- To take a short cut avoiding Bulmer Tye (and the lunch pub): Go through this gate into the churchyard, walk through it and exit by the lychgate. Cross a concrete drive and take the signposted footpath opposite, and just follow the St Edmund Way / Stour Valley path (which you have been following from time to time earlier in your walk) in a northerly direction for just under a mile, through delightful, open countryside, to rejoin the main route at point , where, coming from the short cut, you keep directly ahead at the four-arm footpath sign.
- But to continue on the main route to Bulmer Tye: Turn left immediately before the entrance gate to the church, your direction 275 degrees. In 15 metres, the hedge on your right-hand side goes sharp right. But you head straight on across the field, on what may be a clear path (depending on the time of year) and aiming for the two houses on the far side. (If the field is in crop or looks very muddy, go back to the churchyard, go through it and turn left on to a road, walk along it in a westerly direction for 300 metres to re-join the route by Henny Parish Room). In 250 metres you come to the perimeter fence around the houses. Follow the direction of the footpath sign around to the left, along the fence, to another footpath sign 40 metres ahead, where you turn right. In 60 metres you come out on to the road.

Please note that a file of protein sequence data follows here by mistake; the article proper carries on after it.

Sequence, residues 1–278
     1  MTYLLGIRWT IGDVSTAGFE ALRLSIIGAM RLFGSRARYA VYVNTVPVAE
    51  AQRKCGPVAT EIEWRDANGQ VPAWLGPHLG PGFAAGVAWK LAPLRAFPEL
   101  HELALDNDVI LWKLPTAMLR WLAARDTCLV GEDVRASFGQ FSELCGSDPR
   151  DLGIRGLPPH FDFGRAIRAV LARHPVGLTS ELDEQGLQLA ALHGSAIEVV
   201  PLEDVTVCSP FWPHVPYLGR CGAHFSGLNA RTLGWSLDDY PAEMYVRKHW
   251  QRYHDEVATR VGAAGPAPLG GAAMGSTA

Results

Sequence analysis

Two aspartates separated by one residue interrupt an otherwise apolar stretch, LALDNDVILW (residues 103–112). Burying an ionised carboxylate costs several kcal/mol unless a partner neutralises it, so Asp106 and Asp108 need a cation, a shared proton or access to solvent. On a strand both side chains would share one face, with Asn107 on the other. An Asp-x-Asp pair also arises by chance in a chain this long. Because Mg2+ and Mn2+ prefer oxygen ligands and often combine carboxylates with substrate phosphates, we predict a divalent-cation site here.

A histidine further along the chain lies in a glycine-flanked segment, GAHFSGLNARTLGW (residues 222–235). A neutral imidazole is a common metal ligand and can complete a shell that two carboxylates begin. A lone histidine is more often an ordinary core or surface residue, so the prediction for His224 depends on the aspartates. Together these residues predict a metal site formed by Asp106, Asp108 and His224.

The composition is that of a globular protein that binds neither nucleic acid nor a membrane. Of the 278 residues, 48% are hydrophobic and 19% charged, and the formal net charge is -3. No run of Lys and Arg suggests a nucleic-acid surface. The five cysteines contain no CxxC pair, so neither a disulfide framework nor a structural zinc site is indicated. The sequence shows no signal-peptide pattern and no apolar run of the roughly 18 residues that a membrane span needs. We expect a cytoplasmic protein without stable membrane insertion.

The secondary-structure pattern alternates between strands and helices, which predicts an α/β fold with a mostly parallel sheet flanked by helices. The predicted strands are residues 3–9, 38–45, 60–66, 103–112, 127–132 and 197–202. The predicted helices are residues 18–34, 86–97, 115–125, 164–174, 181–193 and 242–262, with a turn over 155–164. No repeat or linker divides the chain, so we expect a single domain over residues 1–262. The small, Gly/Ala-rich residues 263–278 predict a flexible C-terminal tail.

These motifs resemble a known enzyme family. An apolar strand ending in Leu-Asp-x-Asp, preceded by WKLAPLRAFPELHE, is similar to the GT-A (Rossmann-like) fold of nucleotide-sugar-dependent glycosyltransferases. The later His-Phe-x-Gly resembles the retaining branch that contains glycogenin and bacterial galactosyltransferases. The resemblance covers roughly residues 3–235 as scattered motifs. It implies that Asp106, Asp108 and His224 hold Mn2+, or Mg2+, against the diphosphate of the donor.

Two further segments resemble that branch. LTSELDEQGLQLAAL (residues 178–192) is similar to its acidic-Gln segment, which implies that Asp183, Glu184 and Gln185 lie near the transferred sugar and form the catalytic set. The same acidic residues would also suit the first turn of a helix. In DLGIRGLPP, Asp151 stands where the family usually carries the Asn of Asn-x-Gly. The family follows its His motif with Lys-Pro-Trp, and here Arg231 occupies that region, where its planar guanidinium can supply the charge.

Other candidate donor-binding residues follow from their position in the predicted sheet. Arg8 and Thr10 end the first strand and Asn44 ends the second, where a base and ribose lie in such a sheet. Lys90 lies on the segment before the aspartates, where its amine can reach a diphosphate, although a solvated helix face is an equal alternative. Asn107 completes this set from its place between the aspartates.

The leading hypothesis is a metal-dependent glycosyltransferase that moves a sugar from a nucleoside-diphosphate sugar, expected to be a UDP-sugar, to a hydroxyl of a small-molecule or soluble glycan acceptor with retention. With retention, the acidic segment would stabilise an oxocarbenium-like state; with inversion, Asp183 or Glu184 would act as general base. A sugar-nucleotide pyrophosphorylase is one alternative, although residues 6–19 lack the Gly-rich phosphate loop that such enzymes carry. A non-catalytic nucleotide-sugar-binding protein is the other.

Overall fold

- Turn right along the road. In 60 metres, you pass The Thatched Cottage on your right-hand side and 15 metres further on ignore a turning to the right signposted ‘Henny Church’. Follow the road as it curves around to the left, past Henny Parish Room on your right-hand side. In 140 metres further on, turn right down two steps, following a public footpath sign, along the right-hand side of the field, your direction due north.